Corcoran Hall is one of two buildings constructed after a 1922 plan by architects Albert Harris and Arthur B. Heaton for a Georgian Revival quadrangle to house George Washington University. Completed in 1924, Corcoran Hall is representative of the early twentieth-century notions of formalism and order.
The careful spatial arrangement of buildings on the cross-axial Harris Plan was to provide a clarity of purpose and harmony to the campus setting. The classical concerns for balance, proportion and scale renewed by the teachings of the École des Beaux-Arts are found in Corcoran Hall, and the Georgian Revival manifestation of these principals is characteristic of American institutional design. Corcoran Hall is particularly important as the first building constructed for this plan, thus marking the beginning of the formal campus plan envisioned for the university at its permanent site in Foggy Bottom.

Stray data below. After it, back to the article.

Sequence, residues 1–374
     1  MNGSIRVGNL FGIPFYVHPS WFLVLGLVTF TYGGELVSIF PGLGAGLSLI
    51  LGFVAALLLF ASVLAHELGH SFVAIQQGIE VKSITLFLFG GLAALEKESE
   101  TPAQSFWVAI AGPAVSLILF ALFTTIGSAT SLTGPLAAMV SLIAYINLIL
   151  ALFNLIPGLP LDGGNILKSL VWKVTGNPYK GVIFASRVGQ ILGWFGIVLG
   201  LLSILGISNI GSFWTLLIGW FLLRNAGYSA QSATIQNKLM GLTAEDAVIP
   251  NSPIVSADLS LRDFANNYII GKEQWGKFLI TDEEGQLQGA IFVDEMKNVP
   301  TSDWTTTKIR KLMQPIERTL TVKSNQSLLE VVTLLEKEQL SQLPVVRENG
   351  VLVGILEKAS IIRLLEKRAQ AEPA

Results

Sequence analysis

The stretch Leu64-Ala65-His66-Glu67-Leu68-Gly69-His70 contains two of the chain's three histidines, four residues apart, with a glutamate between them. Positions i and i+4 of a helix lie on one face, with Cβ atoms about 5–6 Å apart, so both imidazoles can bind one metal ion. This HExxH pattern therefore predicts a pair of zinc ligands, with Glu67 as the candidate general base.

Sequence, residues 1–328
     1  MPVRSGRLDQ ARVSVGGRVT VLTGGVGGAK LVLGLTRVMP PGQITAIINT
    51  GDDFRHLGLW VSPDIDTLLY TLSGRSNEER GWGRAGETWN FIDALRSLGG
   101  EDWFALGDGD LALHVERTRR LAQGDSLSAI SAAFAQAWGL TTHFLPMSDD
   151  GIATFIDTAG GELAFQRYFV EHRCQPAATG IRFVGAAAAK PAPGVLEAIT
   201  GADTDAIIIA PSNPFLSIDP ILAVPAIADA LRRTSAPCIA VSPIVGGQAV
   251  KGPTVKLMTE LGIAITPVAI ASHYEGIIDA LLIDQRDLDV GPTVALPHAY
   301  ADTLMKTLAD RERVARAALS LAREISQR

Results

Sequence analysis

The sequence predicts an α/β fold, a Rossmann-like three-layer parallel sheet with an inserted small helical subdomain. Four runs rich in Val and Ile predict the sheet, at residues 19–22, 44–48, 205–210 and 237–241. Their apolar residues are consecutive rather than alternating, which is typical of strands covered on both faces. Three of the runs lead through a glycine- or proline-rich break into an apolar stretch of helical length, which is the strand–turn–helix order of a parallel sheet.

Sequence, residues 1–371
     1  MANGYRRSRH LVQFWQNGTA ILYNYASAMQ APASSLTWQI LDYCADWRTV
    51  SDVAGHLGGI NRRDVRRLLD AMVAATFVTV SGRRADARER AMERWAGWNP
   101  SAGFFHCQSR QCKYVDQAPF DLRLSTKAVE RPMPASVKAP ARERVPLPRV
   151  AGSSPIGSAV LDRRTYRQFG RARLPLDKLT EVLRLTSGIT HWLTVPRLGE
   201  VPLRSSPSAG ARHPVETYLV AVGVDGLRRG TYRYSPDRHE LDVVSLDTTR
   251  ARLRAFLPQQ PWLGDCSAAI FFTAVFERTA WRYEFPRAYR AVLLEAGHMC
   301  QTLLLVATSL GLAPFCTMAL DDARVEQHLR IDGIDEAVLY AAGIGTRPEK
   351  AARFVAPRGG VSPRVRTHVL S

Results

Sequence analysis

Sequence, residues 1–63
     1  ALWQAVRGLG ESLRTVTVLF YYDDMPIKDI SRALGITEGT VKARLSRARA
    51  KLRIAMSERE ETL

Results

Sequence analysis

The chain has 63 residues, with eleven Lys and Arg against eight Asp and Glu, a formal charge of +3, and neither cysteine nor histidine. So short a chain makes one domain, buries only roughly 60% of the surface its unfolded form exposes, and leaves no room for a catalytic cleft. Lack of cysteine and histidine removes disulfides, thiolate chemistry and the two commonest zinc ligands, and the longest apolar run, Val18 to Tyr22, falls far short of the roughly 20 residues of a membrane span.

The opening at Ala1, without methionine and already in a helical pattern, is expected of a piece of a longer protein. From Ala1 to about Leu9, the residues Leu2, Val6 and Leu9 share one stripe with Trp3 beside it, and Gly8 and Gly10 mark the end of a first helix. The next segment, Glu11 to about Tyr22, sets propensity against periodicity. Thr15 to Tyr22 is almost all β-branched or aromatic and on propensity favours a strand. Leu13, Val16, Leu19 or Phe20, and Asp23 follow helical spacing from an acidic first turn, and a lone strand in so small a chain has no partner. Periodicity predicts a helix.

DC Inventory: November 18, 1987
National Register: April 12, 1991